By Dr. William Fahey
Theme: The Romance of Wisdom
Title: "With what wisdom shall he be furnished that holdeth the plough?": Liberal learning, manual labor, and experience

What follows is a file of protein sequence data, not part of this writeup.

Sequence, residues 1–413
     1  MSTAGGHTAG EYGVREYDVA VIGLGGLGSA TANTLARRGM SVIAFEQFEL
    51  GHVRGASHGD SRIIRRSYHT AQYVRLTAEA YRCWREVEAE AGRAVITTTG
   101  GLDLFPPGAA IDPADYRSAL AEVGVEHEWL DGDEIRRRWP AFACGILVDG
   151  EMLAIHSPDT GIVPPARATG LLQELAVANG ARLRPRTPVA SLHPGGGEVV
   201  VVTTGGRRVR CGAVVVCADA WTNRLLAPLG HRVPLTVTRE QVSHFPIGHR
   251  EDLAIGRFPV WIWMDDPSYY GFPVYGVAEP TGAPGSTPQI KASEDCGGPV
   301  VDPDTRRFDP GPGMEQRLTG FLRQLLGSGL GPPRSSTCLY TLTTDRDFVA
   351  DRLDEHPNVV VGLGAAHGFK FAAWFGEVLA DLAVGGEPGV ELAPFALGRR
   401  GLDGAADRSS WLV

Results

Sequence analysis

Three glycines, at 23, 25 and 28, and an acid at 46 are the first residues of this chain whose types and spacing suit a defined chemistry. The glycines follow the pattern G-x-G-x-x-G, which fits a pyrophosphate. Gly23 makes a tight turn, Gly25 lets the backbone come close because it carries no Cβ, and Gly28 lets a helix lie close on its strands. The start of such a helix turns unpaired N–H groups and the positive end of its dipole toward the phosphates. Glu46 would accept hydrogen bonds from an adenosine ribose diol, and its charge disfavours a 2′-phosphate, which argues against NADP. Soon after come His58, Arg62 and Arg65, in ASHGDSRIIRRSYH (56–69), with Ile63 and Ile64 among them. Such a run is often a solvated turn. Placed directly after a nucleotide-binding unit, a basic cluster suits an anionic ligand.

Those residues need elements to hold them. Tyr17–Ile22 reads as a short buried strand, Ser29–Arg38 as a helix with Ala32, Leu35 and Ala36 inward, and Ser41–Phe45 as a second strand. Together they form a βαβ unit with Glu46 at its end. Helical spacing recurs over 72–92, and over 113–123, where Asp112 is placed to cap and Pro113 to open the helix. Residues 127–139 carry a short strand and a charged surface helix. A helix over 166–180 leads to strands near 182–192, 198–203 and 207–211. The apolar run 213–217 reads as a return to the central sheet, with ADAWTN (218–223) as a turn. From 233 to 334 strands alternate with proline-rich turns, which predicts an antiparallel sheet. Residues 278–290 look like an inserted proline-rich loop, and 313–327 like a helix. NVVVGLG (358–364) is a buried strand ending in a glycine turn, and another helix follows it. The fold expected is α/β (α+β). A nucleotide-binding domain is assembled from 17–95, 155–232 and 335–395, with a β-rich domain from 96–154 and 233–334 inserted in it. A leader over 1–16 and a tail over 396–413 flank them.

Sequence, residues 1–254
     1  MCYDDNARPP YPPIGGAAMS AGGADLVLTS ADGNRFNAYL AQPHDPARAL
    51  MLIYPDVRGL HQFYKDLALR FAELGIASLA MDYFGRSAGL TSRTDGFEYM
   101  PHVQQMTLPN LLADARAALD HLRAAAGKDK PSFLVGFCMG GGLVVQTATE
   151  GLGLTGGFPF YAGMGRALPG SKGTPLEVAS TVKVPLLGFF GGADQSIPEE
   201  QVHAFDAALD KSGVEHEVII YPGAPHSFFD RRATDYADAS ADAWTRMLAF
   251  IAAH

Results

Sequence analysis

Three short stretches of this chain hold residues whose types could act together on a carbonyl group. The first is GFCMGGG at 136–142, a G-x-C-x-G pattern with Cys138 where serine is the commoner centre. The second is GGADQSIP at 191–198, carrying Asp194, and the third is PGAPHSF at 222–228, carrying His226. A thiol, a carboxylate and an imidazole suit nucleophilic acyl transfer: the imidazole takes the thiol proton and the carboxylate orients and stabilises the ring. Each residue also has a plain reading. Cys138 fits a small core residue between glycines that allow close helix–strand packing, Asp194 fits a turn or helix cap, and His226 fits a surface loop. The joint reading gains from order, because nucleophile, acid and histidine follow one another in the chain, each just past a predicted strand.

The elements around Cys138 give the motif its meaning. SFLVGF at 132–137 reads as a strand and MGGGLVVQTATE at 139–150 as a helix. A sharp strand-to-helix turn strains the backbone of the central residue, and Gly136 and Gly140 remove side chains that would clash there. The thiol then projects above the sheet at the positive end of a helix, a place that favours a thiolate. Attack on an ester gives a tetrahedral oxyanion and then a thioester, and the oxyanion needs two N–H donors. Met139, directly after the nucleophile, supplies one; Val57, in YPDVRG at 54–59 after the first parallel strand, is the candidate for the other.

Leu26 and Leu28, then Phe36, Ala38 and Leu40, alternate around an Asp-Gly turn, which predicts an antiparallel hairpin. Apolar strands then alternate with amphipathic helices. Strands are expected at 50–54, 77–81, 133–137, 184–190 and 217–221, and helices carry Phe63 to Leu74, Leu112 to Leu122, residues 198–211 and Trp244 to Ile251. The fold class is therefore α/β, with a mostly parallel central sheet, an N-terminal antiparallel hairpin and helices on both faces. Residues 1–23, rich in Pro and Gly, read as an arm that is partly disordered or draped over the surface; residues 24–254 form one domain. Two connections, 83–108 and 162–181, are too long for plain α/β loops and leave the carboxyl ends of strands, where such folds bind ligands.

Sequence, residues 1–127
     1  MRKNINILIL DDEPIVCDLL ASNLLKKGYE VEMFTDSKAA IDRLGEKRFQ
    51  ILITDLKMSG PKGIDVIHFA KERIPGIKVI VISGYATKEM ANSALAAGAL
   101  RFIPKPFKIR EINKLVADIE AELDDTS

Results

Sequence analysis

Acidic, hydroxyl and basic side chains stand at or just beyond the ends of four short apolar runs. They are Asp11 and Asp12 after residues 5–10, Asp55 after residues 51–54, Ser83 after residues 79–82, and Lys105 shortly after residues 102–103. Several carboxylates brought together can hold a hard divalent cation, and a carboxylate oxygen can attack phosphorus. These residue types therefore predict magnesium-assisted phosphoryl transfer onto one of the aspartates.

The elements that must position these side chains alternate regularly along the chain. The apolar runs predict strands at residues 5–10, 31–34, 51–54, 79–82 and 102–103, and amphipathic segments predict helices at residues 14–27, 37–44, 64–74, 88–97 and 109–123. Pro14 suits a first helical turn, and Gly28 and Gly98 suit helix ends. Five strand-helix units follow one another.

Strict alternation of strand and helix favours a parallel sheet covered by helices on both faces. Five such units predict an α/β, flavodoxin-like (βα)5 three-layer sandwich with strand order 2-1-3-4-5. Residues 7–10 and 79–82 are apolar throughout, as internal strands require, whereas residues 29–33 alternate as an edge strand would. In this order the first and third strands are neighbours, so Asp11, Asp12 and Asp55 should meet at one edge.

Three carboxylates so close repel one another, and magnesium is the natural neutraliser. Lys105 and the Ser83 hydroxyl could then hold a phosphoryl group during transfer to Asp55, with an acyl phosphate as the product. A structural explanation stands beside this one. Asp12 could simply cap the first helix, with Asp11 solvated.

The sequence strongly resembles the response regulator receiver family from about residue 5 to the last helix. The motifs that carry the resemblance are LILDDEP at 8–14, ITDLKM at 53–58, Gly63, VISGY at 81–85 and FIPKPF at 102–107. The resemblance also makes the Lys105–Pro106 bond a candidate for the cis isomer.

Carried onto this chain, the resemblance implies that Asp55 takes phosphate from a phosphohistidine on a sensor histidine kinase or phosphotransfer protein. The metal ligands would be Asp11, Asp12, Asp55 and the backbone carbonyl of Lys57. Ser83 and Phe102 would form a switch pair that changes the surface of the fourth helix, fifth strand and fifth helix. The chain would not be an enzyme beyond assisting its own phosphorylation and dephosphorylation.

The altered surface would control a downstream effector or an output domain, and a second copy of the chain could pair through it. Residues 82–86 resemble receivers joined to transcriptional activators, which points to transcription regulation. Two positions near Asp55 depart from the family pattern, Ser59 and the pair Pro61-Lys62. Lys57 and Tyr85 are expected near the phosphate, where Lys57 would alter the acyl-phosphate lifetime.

Taking the title of his talk from chapter thirty-eight of the Book of Ecclesiasticus, one of the seven wisdom books in the Bible, Dr. Fahey, president of Thomas More College in Merrimack, NH, raised questions concerning the role of liberal education, the arts, and manual labor born of experience, in forming a wise man who is more complete in his natural perfections. The question raised by the inspired Old Testament author, Jesus, son of Sirach, is not posed to deny wisdom to the artisan or farmer, but rather to posit it, providing that husbandry or craftsmanship does not forfeit contemplation. The verse immediately preceding the one in the title, The wisdom of a scribe cometh by his time of leisure: and he that is less in action, shall receive wisdom, may seem, if taken out of context, to contradict Dr. Fahey’s thesis, but as the speaker demonstrated so well in his erudite presentation, it complements it. The speaker drew much from Blessed John Newman’s Idea of a University, taken together with his lesser known, but perhaps better work, Rise and Progress of the Universities. More than Newman, however, Dr. Fahey highlighted the Benedictine genius for an integral and even familial oriented education, incarnated in the motto , ora et labora, with natural and supernatural studies incorporated in both work and prayer.
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